Entertainment

Weed The People on Netflix: A Documentary with Heart

Edibles Magazine Reviews Weed The People

Ricki Lake and Abby Epstein’s new cannabis documentary, “Weed the People”, is finally available to stream online. It’s $3.99 on Youtube or Amazon but if you’ve got a subscription to Netflix you can watch it there. Originally released in March of 2018, the movie follows the lives of families who turned to medical cannabis in order to save their children from life threatening illnesses. Filmed over a period of five years and featuring a diverse group of parents, kids, and cannabis professionals. One of the subjects featured is Sophie Isabella Ryan. Sophie was diagnosed with a rare Optic Pathway Glioma brain tumor on June 23rd, 2013 at the age of 8 1/2 months old. Her parents, Tracy and Josh, immediately began documenting her journey.

Edibles Magazine Tracy and Sophie of Weed the People

I met Tracy, Josh and Sophie in 2015 while Josh and I were working together at W Vapes in Los Angeles. By that time, their brand of medicinal cannabis, CannaKids, was on the market. The CannaKids website says: “California-based brand with a focus on supplying medical cannabis oil tinctures and cannabis products to patients of all ages. The final product is a concentrate that contains a profile extremely similar to that of the actual flowers of the plant while remaining free of residual solvents and unwanted contaminants. All of our products are Gluten-Free, Non-GMO, Cruelty-Free, Made in the USA, and lab tested for pesticides and residual solvents, microbiologicals, terpenes, and potency.” I saw Tracy speak and tell her story at a “Seed Series” event in Chinatown, Los Angeles back in 2015. In 2016 Tracy and Josh brought Sophie to “The Infused Expo” event that Edibles Magazine produced at Casa Vertigo, and in 2017 they appeared on season one of “The Edibles Show”.

The first time I saw Ricki Lake was in the 1988 John Waters classic, “Hairspray”, when she played Tracy Turnblad in the original movie. We all thought she was awesome and Hairspray was the movie that introduced me to both John Waters, and the legend that was “Divine”. Later when I was in college majoring in theatre and smoking tons of weed, I would discover “Polyester”, “Desperate Living”, and “Pink Flamingos”. Waters’ follow up to Hairspray was the Johnny Depp vehicle, “Cry-Baby”, featuring Lake as Cry-Baby Walker’s sister, “Pepper” alongside Tracy Lords. Lords had gained notoriety in the 1980s as a pornographic actress who turned out to be two years underage at the time. Cry-Baby was her first mainstream feature film and also had Iggy Pop and Amy Locane in the cast. Ricki Lake and Tracy Lords would work together again in 1993 in the low budget psychological horror movie, “Skinner”, starring Sam Raimi’s brother Ted in the title role. The same year Skinner was released was also the year “Ricki Lake” debuted on television. The program was Lake’s first daytime talk show and at the age of 24, she was the youngest person at the time to host one. The show specialized in topics involving invited guests and incorporated questions and comments from a studio audience. I remember an episode about cannabis had Skid Row frontman Sebastian Bach as a guest and he told Lake he hadn’t gotten stoned right before the show. Which brings us to Weed the People.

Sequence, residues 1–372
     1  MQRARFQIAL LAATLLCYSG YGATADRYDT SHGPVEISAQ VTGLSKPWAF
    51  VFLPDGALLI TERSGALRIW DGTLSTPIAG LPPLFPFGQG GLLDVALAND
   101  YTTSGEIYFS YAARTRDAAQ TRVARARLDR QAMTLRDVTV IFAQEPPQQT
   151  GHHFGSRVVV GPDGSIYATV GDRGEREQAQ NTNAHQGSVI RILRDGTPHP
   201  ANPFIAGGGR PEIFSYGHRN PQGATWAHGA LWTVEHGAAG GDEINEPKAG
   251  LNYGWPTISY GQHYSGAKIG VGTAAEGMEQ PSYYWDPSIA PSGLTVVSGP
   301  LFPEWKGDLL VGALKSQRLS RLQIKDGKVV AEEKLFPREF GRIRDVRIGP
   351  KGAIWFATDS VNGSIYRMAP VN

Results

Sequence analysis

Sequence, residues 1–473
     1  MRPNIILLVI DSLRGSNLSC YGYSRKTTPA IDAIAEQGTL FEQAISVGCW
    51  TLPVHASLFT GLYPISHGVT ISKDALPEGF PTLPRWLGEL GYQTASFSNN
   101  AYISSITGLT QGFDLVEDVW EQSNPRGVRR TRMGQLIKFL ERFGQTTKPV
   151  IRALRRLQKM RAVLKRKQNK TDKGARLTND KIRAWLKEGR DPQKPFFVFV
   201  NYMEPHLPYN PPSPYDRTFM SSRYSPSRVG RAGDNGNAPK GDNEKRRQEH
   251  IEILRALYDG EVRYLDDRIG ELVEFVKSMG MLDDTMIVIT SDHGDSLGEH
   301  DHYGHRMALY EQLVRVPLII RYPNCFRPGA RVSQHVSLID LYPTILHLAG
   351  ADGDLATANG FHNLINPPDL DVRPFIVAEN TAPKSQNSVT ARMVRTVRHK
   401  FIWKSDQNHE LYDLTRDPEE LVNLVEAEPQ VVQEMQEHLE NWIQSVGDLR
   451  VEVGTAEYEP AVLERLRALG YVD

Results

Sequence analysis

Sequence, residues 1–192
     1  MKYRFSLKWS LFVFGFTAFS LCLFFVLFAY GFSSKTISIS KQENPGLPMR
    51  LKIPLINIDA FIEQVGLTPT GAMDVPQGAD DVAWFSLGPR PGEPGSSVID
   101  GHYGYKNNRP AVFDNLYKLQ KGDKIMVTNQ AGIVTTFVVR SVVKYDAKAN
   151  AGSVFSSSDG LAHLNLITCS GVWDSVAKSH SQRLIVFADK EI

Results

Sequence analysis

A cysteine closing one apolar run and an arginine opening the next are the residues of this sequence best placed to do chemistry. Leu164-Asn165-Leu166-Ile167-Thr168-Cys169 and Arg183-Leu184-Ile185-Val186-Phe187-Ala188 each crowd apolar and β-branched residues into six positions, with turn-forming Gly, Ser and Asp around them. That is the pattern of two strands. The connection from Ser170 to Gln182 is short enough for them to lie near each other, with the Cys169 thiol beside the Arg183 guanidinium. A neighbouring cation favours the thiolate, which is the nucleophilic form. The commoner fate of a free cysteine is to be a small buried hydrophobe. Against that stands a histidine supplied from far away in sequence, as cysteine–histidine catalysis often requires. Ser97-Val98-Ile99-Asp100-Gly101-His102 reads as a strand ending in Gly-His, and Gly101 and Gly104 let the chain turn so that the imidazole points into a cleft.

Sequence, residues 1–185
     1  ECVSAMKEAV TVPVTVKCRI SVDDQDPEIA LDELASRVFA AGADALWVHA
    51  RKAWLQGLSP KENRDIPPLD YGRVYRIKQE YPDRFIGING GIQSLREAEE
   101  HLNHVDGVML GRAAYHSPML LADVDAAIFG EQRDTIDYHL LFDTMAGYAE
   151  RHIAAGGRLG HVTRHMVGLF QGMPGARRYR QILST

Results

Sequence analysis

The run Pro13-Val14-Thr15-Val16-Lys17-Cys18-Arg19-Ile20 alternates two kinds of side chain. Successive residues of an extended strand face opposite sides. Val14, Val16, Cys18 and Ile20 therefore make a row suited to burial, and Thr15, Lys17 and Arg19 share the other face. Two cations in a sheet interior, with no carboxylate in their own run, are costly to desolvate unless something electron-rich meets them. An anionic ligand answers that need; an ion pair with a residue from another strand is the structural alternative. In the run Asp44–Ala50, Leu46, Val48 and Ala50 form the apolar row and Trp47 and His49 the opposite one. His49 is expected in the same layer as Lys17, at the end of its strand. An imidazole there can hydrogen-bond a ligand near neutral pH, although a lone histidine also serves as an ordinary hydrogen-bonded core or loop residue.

As far as cannabis documentaries go, it’s definitely the most moving and emotionally hard hitting of the bunch. Be prepared to feel outraged and get ready to cry. It’s an often heartbreaking piece of cinema that sadly does not go in the direction you hope it will and it isn’t the fault of the filmmakers by any means, it the fault of the policy makers and the laws that enforce those policies. Mara Gordon is a Medical Cannabis Pioneer and co-founder of her own cannabis company, Aunt Zelda’s. Early in the film she acts as a kind of mentor to Tracy, and towards the end there is some drama between them that starts to get awkwardly entertaining and reminiscent of the feuds you see between people in reality television. As much as I kind of wish we’d been able to see more of said drama, a gut wrenchingly depressing story about families going through these struggles needed to end in a way that seems hopeful, so I guess I’m glad the guilty pleasures of seeing people quarrell weren’t indulged more.

Weed the People currently holds a 100% approval rating on Rotten Tomatoes. That’s rare and something very few movies have achieved. Visit the weedthepeoplemovie.com website to see where the best place for you to check out this inspirational and important documentary is and go to
www.cannakids.org to learn more about Sophie Ryan.

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